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Acoustics Then and Now

Acoustics Then and Now
by Nick Colleran
This article was written for the November, 1999 issue of ProSoundNews.  It traces growth in awareness of acoustics from our first showing anechoic wedge foam at AES New York in 1979 through the following two decades. The article travels from room deadening by sound absorption through noise barrier materials, control room design changes, diffusion, bass trapping, isolation and residential applications.
Copyright © 1999 by Acoustics First Corporation and Miller Freeman
Acoustical Materials: History
Download Article in PDF Applications: Recording & Broadcast, Home Theater & Entertainment

Material: Absorbers, Diffusers, Barrier & Vibration Control, Double Duty™ Diffusers, Sound Channels®, BlockAid® Vinyl Sound Barrier, Art Diffusors®,
Cutting Wedge

It is difficult to see where you are going if you don't know where you've been.  So first, a little history:


Fall 1979.  The AES show is in New York at the Waldorf.  SPARS has its first membership meeting.  Pro Sound News begins publication.  And, the first demonstration of acoustic materials, a patented anechoic wedge foam, is unveiled by the founders of Acoustics First!


In the early days, acoustics were a mystery.  It was not uncommon for one production room to have a 5 dB peak and another 5 dB dip at the same frequency.  Certain sounds could amplify greatly or disappear altogether depending upon where the project started and finished.  With this condition, it is easy to understand why foam became so popular, under the banner of "no acoustics is better than bad acoustics."  Taming sound was starting to get easier.


Once the sound inside diminished, the noise from outside became apparent.  With foam having almost no effect on sound transmission, barrier materials such as sheet lead became popular.


As measuring techniques evolved and totally dead rooms proved uncomfortable, rear wall diffusion, based upon the work of Dr. Manfred Schroeder, entered the picture.  This technique is like acoustical "crowd control", designed to scatter rather than eliminate the sound.


Control rooms evolved to "Live End - Dead End."  More people became aware that getting the sound correct while it was in the air, by thinking of acoustics first, saved in the long run.


In an earlier decade, absorption was created by installing fiberglass batts and stretching burlap over them.  Lesser degrees of absorption were obtained by gluing school band room acoustical tile or carpet to the walls, for some reason orange shag seemed the usual choice.  Some folks covered the room with egg cartons, a real fire hazard not to mention the cholesterol danger from eating all those eggs!


Diffusion was added primarily by "building you own polys."  These items, polycylindrical diffusers, were a common fixture in fifties studios and on scoring stages.  (Check out the pictures of Elvis in RCA's New York studios.)  They fell out of favor due to the time and labor required.  It took several people to hold the plywood while another fastened it.  If it slipped something or someone flew across the room.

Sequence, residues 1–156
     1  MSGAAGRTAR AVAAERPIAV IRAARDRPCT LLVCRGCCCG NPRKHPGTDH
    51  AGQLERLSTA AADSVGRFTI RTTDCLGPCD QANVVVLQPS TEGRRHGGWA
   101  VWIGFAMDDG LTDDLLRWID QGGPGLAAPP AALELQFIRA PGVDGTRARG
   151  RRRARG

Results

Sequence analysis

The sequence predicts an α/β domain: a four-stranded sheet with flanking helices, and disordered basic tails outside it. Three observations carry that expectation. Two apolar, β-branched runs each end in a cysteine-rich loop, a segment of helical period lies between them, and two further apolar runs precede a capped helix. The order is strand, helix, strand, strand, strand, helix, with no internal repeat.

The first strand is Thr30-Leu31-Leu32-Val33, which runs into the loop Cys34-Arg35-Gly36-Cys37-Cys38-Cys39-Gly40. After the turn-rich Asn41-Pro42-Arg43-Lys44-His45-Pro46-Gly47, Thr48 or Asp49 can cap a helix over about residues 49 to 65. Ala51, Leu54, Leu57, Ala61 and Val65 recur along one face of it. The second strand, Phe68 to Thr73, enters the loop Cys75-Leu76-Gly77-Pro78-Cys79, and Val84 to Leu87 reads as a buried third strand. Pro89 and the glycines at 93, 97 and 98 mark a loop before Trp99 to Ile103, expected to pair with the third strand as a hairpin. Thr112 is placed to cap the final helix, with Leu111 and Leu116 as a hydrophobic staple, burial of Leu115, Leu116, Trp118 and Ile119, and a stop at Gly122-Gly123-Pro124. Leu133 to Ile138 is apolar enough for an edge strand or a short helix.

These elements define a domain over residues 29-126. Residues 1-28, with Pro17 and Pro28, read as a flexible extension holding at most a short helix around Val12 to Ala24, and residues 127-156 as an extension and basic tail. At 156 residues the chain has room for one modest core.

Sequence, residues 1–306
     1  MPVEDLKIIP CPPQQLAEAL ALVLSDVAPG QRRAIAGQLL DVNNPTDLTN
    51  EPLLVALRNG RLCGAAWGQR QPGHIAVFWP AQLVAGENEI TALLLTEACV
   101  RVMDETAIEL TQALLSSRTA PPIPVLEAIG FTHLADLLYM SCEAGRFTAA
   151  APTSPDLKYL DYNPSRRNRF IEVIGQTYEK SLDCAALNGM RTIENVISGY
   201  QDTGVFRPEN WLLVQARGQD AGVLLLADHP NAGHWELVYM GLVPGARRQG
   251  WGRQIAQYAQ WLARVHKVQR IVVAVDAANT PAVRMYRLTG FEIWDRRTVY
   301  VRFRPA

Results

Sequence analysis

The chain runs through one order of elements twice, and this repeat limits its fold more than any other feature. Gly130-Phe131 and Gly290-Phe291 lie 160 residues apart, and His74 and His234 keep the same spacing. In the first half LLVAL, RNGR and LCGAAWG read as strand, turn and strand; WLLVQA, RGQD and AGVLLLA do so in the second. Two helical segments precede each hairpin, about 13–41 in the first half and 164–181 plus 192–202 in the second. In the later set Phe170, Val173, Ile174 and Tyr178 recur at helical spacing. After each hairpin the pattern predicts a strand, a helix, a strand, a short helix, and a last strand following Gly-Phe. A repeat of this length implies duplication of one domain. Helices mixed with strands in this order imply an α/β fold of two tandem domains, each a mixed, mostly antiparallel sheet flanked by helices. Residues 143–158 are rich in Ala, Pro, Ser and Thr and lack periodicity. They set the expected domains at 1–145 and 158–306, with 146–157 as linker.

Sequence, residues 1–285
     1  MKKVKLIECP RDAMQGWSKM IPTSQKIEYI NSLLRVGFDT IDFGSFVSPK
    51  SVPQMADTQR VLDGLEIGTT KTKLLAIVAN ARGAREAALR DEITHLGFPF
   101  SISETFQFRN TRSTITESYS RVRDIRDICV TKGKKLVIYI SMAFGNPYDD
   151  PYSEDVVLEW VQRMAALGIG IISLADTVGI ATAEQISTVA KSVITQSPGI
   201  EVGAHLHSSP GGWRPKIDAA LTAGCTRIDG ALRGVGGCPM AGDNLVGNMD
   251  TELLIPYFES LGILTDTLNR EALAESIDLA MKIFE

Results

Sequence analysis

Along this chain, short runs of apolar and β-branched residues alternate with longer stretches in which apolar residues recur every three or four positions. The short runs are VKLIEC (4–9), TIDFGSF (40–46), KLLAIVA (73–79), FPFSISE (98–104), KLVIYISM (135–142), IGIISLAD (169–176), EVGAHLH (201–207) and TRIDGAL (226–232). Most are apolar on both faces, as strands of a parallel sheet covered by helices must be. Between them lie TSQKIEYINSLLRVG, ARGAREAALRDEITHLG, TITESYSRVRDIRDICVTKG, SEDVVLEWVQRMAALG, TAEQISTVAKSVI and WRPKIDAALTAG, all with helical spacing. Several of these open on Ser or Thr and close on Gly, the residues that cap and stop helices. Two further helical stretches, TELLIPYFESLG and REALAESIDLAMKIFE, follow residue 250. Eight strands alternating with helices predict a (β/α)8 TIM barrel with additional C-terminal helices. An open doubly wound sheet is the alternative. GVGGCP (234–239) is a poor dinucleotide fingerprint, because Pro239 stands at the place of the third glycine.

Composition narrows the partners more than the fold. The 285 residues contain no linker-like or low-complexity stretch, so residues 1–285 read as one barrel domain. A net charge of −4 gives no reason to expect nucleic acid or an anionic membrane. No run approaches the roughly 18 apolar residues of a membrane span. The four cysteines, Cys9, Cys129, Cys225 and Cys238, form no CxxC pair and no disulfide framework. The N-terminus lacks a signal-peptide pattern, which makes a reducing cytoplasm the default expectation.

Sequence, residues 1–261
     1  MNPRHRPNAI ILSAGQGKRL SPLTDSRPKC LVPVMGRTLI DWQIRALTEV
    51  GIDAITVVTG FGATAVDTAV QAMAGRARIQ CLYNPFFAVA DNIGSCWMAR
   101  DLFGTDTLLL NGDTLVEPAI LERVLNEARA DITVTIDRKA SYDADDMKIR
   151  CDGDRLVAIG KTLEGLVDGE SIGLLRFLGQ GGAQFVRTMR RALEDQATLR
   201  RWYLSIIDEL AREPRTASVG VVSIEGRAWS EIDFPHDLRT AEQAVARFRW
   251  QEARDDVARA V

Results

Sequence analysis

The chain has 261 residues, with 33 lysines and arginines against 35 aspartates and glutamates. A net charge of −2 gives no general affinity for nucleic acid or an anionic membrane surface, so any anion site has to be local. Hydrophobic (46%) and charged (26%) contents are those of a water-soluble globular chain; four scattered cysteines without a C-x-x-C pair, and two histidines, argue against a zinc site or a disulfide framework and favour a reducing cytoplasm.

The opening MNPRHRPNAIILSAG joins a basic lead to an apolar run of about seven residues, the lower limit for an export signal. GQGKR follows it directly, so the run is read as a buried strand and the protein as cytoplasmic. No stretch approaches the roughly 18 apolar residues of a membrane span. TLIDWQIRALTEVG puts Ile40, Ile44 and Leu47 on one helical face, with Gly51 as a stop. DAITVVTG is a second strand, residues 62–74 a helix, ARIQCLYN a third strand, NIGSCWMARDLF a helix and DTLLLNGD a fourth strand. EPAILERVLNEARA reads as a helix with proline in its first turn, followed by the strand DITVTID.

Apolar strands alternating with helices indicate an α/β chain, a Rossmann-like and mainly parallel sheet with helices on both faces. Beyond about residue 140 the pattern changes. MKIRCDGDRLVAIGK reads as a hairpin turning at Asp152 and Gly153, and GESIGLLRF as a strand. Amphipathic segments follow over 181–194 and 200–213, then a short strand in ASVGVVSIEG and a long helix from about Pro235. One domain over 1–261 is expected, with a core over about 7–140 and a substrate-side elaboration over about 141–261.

When Disco came along, floating floors became mandatory to keep the "lead" foot on the kick drum out of the live acoustic piano.  One method was to have a drum platform (made massive with sand filling) rest on tires to de-couple it from the studio floor.


Now that the children of the sixties are the homeowners of the nineties, the demand for better sound has come home with them.  At the same time there is less tolerance for industrial looking materials at home, even in the band practice room.


Which brings us to the present and the mission of Acoustics First: to make "materials that look as good as they sound."  And to make it easy as well.


Our acoustical panels are manufactured to order and covered in a variety of standard and custom fabrics.  (No more itching and stretching.)  The polycylindrical diffuser which doubles as a bass trap (our "Double Duty Diffuser") is an off-the-shelf item made to match the panels.  (No more getting three friends to hold the plywood while the bend is locked in place.)  Neoprene replaces tires, (No more crinkled lead foil.)  And, for its 20th anniversary, traditional acoustical foam is now available in new colors of burgundy and hunter green. 


As our company enters the next decade (see I didn't use the "M" word), looking good and being easy will extend to new products:  The patented Art binary array diffusor is available ready to install in 7 different woods and a variety of painted finishes.  A stackable, nesting version of the "Cutting Wedge" acoustical foam allows increased absorption at any time by add-on rather than replacement.  The author's personal favorite, a field tunable corner bass trap (patent applied for), is expected in the spring.


Acoustics First Corporation

2247 Tomlyn Street

Richmond, Virginia 23230-3334 USA

Tel 804 342-2900 FAX 804 342-1107




Nick Colleran is a former recording artist, founder of Alpha Audio recording studios, and a past president of SPARS and VPSA.  In 1997, he joined his wife Becky and former banker, Steve, to launch Acoustics First.

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